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Baby Mine By Margaret Mayo Characters: 7890

Updated: 2017-11-28 00:07


Even in college Alfred Hardy was a young man of fixed ideas and high ideals and proud of it.

His friend, Jimmy Jinks, had few ideas and no ideals, and was glad of it, and before half of their first college term had passed, Jimmy had ridded himself of all such worries as making up his own mind or directing his own morals. Alfred did all these things so much better, argued Jimmy, furthermore, Alfred LIKED to do them-Jimmy owed it to his friend to give him that pleasure.

The fact that Jimmy was several years Alfred's senior and twice his size, in no way altered his opinion of Alfred's judgment, and through their entire college course they agreed as one man in all their discussions-or rather-in all Alfred's discussions.

But it was not until the close of their senior year that Alfred favoured Jimmy with his views on matrimony.

Sitting alone in a secluded corner of the campus waiting for Alfred to solve a problem in higher mathematics, Jimmy now recalled fragments of Alfred's last conversation.

"No twelve dollar shoes and forty dollar hats for MY wife," his young friend had raged and he condemned to Jimmy the wicked extravagance of his own younger sisters. "The woman who gets me must be a home-maker. I'll take her to the theatre occasionally, and now and then we'll have a few friends in for the evening; but the fireside must be her magnet, and I'll be right by her side each night with my books and my day's worries. She shall be taken into my confidence completely; and I'll take good care to let her know, before I marry her, just what I expect in return."

"Alfred certainly has the right idea about marriage," mused Jimmy, as the toe of his boot shoved the gravel up and down the path. "There's just one impractical feature about it." He was conscious of a slight feeling of heresy when he admitted even ONE flaw in his friend's scheme of things. "Where is Alfred to find such a wife?"

Jimmy ran through the list of unattached girls to whom Alfred had thus far presented him. It was no doubt due to his lack of imagination, but try as he would, he could not see any one of these girls sitting by the fireside listening to Alfred's "worries" for four or five nights each week. He recalled all the married women whom he had been obliged, through no fault of his own, to observe.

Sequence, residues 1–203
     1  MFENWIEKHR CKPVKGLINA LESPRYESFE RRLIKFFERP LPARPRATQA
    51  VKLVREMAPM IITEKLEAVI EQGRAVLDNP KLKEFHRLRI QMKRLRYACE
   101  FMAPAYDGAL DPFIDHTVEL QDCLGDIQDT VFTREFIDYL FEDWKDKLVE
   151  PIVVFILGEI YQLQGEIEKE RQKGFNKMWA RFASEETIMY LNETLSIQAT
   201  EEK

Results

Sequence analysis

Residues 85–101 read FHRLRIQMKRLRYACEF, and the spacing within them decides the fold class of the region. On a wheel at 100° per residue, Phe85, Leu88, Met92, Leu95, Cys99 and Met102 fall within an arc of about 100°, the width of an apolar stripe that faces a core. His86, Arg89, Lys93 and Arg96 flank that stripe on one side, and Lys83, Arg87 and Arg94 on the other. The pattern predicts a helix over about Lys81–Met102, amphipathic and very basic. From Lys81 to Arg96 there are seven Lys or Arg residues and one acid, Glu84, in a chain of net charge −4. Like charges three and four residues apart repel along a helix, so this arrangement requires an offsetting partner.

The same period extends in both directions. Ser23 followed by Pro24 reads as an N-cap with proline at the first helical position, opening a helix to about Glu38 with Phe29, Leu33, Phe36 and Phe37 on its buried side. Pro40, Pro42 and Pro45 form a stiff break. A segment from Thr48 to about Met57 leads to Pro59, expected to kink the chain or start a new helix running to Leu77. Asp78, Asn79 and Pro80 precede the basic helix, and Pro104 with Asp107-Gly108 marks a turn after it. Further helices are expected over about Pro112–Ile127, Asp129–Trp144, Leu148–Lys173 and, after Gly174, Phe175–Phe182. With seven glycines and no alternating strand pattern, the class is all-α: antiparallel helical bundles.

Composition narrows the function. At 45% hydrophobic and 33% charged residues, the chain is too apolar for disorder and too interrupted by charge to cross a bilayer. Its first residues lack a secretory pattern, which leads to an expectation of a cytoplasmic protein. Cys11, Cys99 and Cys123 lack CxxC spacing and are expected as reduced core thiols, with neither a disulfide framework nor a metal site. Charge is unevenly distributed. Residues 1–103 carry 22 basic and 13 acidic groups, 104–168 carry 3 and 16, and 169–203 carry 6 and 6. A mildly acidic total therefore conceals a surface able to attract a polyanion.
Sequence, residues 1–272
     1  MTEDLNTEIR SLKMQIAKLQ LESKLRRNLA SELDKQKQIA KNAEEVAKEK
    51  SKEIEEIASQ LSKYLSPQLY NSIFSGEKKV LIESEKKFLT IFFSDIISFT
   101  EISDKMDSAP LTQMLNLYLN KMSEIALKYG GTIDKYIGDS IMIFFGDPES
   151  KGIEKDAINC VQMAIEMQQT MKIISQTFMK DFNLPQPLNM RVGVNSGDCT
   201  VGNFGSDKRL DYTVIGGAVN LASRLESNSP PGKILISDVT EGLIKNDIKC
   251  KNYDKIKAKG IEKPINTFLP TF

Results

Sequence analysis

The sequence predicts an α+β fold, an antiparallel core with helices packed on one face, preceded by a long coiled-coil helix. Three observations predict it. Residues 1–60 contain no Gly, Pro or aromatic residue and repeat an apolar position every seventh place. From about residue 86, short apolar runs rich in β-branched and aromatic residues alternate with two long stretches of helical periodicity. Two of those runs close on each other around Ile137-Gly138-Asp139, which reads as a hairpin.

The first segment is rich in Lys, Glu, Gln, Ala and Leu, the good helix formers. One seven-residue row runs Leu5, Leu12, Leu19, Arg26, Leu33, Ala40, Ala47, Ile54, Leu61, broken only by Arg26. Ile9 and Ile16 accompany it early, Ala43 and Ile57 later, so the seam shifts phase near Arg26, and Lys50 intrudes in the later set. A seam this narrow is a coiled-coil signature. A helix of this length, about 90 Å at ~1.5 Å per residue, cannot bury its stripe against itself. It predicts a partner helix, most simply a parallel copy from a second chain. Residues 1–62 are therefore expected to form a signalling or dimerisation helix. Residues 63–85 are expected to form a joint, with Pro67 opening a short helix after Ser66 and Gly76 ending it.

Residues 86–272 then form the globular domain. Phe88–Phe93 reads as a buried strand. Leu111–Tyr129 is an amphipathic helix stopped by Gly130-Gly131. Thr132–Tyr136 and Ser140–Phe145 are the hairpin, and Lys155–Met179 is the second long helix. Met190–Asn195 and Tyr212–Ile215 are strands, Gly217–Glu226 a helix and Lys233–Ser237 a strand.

True, all of them did not boast twelve dollar shoes or forty dollar hats-for the very simple reason that the incomes or the tempers of their husbands did not permit of it. In any case, Jimmy did not remember having seen them spend many evenings by the fireside. Where then was Alfred to find the exceptional creature who was to help "systematise his life"? Jimmy was not above hoping that Alfred's search might be a long one. He was content for his friend to go jogging along by his side, theorising about marriage and taking no chances with facts. Having come to this conclusion, he began to feel uneasy at Alfred's non-appearance. Alfred had promised to meet him on this spot at four-thirty, and Alfred had decided ideas about punctuality. It was now five-thirty. Ought Jimmy to look for him, or would he be wiser to remain comfortably seated and to try to digest another of his friend's theories?

While Jimmy was trying to decide this vexed question, his ear caught the sound of a girlish titter. Turning in embarrassment toward a secluded path just behind him, whom did he see coming toward him but Alfred, with what appeared to be a bunch of daffodils; but as Alfred drew nearer, Jimmy began to perceive at his elbow a large flower-trimmed hat, and-"horrors!"-beneath it, with a great deal of filmy white and yellow floating from it, was a small pink and white face.

Barely had Jimmy reversed himself and rearranged his round, astonished features, when Alfred, beaming and buoyant, brought the bundle of fluff to a full stop before him.